Tomato Seed Brochure - Choosing Tomato Varieties

At this time of the season, browsing the seed brochures and choosing which tomato varieties to grow is one of the great pleasures for me, and I guess most of us tomato growers.

With lessons learned from last season, avoiding blight and other problems is the key to success this season. However, is that variety really blight tolerant? and is that tomato really crack resistant?

Well, there’s only one way to find out … ask someone who has already grown that particular variety, or grow it yourself and find out first hand!

If you had problems last season with any of the following, here are my suggestions.

Blight Free!

Crimson Crush F1, Mountain Magic F1 and Lizzano F1.

Blight Tolerant…

  • Losetto F1 – cherry/bush
  • Legend – large/bush
  • Ferline – medium/tall
  • Old Brooks – medium/tall

The best way to help avoid Blight is to shelter tomato plants from rain and try not to let condensation build up in the greenhouse.

Blossom End Rot Resistant…

  • New Yorker – medium/bush
  • Old Brooks – medium/tall
  • Most Cherry Varieties – they don’t need so much calcium

BER is caused by a calcium deficiency so I recommend a spray with Chempak Calcium – it works wonders on my plants!

Crack Resistant…

  • Golden Cherry F1 – cherry/tall
  • Chocolate Cherry – cherry/tall
  • Halladay’s Mortgage Lifter – large/tall

Some varieties are more prone to this than others, but keeping plants out of the rain and regular watering helps avoid this problem.

Early Varieties
I think one of the slightly misleading claims that is used often in seed brochures is the term “early”. I’ve bought seeds on the basis that I’m buying an early variety and I’m still waiting for the first fruit to ripen in October!

What I do know is, whatever I may read, it is really my own personal experience of growing tomatoes that I can truly rely on, and to be fair, a tomato plant will perform differently in different conditions and in different areas, so it’s how each variety performs in my greenhouse and garden that counts.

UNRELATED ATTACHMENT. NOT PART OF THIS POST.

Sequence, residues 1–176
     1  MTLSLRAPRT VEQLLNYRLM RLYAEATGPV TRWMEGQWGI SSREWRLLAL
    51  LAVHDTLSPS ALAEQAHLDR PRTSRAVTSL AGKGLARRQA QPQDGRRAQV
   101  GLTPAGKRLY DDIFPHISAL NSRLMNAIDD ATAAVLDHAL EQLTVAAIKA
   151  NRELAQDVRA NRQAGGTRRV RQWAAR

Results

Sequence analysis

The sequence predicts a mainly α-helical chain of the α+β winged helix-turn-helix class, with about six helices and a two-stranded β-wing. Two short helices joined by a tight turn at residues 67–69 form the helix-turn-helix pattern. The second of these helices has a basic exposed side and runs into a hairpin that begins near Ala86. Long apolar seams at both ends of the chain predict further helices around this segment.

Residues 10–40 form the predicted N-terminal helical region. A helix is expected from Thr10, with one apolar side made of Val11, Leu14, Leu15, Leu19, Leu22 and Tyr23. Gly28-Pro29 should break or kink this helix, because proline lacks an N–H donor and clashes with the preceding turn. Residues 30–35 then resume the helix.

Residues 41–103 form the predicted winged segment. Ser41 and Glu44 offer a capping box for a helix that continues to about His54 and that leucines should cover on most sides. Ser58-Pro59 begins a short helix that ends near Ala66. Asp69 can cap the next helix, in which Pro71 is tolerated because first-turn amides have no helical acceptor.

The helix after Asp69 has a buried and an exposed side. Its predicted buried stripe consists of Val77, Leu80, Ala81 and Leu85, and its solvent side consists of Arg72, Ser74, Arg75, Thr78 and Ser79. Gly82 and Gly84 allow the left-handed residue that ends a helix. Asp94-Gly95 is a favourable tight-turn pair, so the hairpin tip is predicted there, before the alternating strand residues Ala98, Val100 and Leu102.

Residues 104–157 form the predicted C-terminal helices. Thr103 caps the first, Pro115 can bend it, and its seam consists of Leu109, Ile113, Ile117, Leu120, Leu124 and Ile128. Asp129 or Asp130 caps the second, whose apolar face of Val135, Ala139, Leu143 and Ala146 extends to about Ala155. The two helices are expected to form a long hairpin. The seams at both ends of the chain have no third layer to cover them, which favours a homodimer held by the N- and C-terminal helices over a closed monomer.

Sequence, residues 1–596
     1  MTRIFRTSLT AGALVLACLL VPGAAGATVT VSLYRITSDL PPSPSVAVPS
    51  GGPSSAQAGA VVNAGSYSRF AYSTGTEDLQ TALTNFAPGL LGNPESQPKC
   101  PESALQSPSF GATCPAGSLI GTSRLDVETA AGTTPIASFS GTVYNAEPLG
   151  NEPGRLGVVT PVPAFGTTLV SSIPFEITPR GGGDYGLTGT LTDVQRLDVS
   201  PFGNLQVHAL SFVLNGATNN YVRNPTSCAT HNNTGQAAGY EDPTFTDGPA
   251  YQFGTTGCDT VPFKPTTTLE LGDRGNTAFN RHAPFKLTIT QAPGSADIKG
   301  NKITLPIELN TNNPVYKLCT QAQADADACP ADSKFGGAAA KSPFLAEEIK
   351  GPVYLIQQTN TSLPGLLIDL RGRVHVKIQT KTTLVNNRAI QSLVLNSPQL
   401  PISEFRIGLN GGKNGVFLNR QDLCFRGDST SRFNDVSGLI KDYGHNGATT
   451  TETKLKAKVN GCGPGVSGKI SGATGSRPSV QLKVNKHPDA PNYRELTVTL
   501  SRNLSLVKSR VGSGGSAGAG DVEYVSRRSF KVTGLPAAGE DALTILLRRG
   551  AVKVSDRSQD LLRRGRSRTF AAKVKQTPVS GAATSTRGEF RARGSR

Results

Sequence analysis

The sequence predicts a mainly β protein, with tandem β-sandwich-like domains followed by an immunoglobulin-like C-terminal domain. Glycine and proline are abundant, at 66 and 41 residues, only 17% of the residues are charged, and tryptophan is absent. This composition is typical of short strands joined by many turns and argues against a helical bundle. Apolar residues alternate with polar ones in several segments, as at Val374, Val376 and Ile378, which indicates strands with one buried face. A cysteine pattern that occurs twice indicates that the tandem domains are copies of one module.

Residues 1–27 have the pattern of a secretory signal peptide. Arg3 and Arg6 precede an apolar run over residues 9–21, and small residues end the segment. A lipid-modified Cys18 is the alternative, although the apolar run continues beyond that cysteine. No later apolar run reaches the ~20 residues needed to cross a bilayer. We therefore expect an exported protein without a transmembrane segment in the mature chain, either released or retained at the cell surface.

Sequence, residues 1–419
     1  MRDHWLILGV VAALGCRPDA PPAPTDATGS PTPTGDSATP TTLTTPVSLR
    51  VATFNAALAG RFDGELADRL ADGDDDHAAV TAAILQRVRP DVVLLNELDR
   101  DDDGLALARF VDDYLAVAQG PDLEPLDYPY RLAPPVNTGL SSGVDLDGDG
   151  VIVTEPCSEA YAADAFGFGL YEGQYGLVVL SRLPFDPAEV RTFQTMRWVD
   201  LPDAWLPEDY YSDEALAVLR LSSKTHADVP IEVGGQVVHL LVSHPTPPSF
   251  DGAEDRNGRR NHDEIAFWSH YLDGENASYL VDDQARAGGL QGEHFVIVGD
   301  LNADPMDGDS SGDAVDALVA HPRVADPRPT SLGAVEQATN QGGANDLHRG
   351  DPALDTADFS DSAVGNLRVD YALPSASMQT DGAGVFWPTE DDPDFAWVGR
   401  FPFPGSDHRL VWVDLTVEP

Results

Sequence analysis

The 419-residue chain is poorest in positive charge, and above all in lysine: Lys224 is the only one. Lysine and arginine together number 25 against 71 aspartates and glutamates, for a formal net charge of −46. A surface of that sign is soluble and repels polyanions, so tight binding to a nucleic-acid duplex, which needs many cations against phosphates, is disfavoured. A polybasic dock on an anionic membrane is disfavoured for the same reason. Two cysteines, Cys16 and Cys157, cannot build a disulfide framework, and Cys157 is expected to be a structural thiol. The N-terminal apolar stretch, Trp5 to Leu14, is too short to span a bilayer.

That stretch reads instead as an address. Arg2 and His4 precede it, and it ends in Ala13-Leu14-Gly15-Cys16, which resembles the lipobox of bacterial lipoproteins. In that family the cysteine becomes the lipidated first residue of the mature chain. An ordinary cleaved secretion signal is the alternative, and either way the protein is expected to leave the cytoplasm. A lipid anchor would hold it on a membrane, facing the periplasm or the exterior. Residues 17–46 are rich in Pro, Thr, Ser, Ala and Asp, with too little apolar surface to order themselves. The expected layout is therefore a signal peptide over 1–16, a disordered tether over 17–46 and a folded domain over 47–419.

Nevertheless, here is a list of my top varieties for this season based on last season’s results.

Red Alert – cherry/bush
Tumbling Tom – cherry/bush
Maskotka – cherry/bush
Tumbler – cherry/bush

Sungold – cherry/tall
Black Cherry – cherry/tall
Gardener’s Delight – cherry/tall
Stupice – medium/tall

Having grown Alicante, Golden Sunrise and Moneymaker for many seasons, I didn’t grow them last year but would recommend them, along with Ailsa Craig and Shirley F1.

Growing large varieties requires some experience in order to obtain a good harvest that matures before the end of the season. If you are a beginner, by all means have a go at a large variety, but to get the best results I suggest you grow a few cherry varieties that mature early like Tumbling Tom (red and yellow), Red Alert, Maskotka and Garden Pearl.

Some cherry varieties are almost cocktail cherry size – like 100’s and 1000’s. Although these are fun to grow and you will get hundreds from a well grown plant, their size makes them more of a garnish to pretty-up a dish rather than the golf ball size of a larger cherry variety that is more versatile.

There are many considerations to make when choosing tomato varieties – not least the taste. There are also many different ways to grow tomatoes that will produce the same results.

See Also: Choosing Tomato Seeds




9 Responses

  1. David Dadswell
    | Reply

    As I am disabled, I use a mini, unheated greenhouse. Last year I found that “Mega Bite” were ideal but as this variety has been discontinued, this year I am growing “Losetto”. What variety would you recommend?

    David Dadswell

    • Nick
      | Reply

      Hi David,